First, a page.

According to reports, the monkeypox virus infection that results in the disease is contagious and zoonotic (spread from animals to people). Humans contract the virus from infected animals, usually rats. When a person comes into contact with another person who is infected with the virus, there is also a chance of human-to-human transmission of the illness. In addition, the virus that causes monkeypox can be spread by contact with contaminated objects.
The symptoms of Monkeypox are similar to that of smallpox infection. Among others, they include chills, unusual exhaustion, swollen lymph nodes (glands), chills, fever, skin rash (which resembles blisters), headache, and backache. The duration of manifestation of these symptoms may persist for two to three weeks. This indicates that the incubation period (from infection to symptom manifestation) is roughly 14 to 21 days; during this time, a person cannot tell if they have monkeypox.
In an effort to stop the spread of the monkeypox disease, the Federal Government of Nigeria recently outlawed the sale and consumption of bush meats. Following the formal detection of monkeypox in Nigeria by the Nigeria Center for Disease Control on May 29, 2022, the ban was announced through the Ministry of Agriculture and Rural Development. As of the aforementioned date, the virus had infected 21 additional people in addition to the one verified death.
Dr. Abubakar Mohammed, the minister of agriculture, released a statement requesting bush meat hunters and sellers to cease operations. The Agriculture Minister stated that “bushmeat hunters and merchants must cease their behaviour to avoid any potential of’spill over’ of the virus in Nigeria. Transport of wild animals and their products should stop or be regulated both inside and beyond borders. To avoid interactions and potential food contamination with the monkeypox virus, silos, stores, and other agricultural storage facilities must use proactive rodent control methods. Dr. Abubakar demanded that the owners of zoos, parks, and conservation and recreation facilities that house non-human primates to strictly enforce biosecurity standards to avoid human interaction. Then he instructed his countrymen to notify the closest medical or veterinary clinic of any lesions like the pox they noticed on people or animals.
In a recent post reported by the NCDC on its website mentioned that sexual activity can potentially spread the monkeypox virus. The NCDC’s website on the disease’s symptoms stated in part, “…After one to three days of fever, the rash breaks out, first on the face and extending to the body with the face and palms/soles being primarily affected. Contact during sex is one way that they can spread because they can also happen in and around the genitalia.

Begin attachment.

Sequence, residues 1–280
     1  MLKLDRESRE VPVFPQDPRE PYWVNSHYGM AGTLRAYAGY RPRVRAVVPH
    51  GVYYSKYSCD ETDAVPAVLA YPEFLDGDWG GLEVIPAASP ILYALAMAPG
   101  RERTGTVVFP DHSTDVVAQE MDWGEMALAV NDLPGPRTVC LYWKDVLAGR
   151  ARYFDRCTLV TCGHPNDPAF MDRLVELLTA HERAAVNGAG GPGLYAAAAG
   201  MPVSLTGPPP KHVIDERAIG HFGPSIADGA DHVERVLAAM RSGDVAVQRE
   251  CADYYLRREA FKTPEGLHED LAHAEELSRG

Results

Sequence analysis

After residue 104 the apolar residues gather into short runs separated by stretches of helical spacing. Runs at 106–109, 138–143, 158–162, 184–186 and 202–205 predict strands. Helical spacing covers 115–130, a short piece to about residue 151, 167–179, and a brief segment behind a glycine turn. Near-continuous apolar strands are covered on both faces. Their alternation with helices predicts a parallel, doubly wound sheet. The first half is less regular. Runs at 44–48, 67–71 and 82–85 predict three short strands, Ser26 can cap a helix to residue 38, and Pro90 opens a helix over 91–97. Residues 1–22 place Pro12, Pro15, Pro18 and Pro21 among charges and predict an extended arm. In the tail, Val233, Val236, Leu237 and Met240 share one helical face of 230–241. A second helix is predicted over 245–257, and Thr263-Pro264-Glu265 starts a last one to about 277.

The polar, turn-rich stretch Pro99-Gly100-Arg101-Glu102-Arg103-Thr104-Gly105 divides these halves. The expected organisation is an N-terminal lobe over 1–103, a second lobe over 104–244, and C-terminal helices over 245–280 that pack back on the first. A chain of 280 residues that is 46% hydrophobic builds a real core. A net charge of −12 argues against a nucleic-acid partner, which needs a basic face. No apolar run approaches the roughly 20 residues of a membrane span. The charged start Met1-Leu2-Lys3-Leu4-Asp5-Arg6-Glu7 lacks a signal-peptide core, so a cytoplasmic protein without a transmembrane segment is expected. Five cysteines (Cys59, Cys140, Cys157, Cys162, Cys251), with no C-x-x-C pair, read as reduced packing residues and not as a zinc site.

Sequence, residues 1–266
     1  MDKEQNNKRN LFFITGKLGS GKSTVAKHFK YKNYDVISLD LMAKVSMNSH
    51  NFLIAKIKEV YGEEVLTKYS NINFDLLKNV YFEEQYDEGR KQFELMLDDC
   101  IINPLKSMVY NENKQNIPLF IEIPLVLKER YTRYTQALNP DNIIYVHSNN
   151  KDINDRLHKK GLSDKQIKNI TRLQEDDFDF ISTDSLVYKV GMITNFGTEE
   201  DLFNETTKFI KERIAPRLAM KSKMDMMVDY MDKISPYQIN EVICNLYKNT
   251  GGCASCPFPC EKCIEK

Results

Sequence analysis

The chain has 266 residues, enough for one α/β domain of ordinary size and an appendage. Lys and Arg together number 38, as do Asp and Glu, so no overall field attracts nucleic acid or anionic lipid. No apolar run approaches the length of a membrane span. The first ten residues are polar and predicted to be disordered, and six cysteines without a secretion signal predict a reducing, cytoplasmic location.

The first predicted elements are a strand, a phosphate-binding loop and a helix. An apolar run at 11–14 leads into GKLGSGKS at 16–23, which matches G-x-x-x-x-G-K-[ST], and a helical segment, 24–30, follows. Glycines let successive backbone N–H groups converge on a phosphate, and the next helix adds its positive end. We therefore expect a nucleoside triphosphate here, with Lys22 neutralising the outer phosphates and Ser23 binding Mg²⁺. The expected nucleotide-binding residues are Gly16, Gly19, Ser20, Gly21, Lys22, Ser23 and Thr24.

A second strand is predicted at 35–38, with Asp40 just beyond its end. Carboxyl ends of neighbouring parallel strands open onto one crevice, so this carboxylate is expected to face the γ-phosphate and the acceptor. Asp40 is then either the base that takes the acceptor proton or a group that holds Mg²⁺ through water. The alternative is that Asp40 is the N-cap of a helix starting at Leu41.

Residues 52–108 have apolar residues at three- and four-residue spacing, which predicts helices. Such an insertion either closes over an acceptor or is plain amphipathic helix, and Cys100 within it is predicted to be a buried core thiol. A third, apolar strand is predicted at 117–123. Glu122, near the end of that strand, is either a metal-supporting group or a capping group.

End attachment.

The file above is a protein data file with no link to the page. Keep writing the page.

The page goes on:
It should be emphasised that the Monkeypox virus is more deadly when it infects people with underlying medical conditions or those who are already ill since their immune systems are not equipped to fight off such illnesses.
Avoiding contact with animals that may carry the virus, including ill or dead animals in locations where instances of monkeypox have occurred, is one measure that can be taken to prevent infection with the virus, according to NCDC. avoiding anything that may have come into contact with a sick animal; Any animal that may have had contact with an infected animal should be properly cooked, handled with care, and monitored for 30 days for signs of monkeypox. Contact with infected animals should be followed by washing with soap and water.
All of us have a part to play in promoting healthy hygiene habits, including routine hand washing as one of the preventive strategies. Other precautions include avoiding contact with people and animals that may be carrying the monkeypox virus. Another effective precaution to avoid contracting monkeypox is to wear a mask, which has become our new norm since the COVID-19 outbreak. Because the monkeypox virus enters the body through the mucous membranes (nose, mouth, and eyes), respiratory tracts, and injured skin, these preventive measures are crucial in the fight against this pox disease.
Governments at all levels are required to increase surveillance to stop an outbreak because there is a high likelihood that the disease will spread easily in rural regions if the residents are not sufficiently educated about it and, as a result, will not be aware of the proper safety precautions to take. The awareness campaign should be expanded to include primary health care facilities, marketplaces, and farms where the less advantaged and educated may congregate rather than remaining on platforms that are solely accessible to the educated class. Increasing grassroots public awareness would result in better knowledge of illness mitigation, control, and prevention, which ultimately saves lives.
Unfortunately, there is now no known safe therapy for monkeypox, which means there is also no known cure. As a result, it is up to each of us to take personal precautions to stay healthy. The smallpox vaccination and antivirals can be used to stop epidemics of monkey pox. When Nigerians experience malaria symptoms, it is equally crucial that they undergo medical testing because monkeypox symptoms are quite similar to those of malaria.
The warning indications and omens of the monkeypox outbreak must not be ignored as it becomes vital for everyone to be on red alert in order to prevent a worldwide health crisis, as COVID-19 did!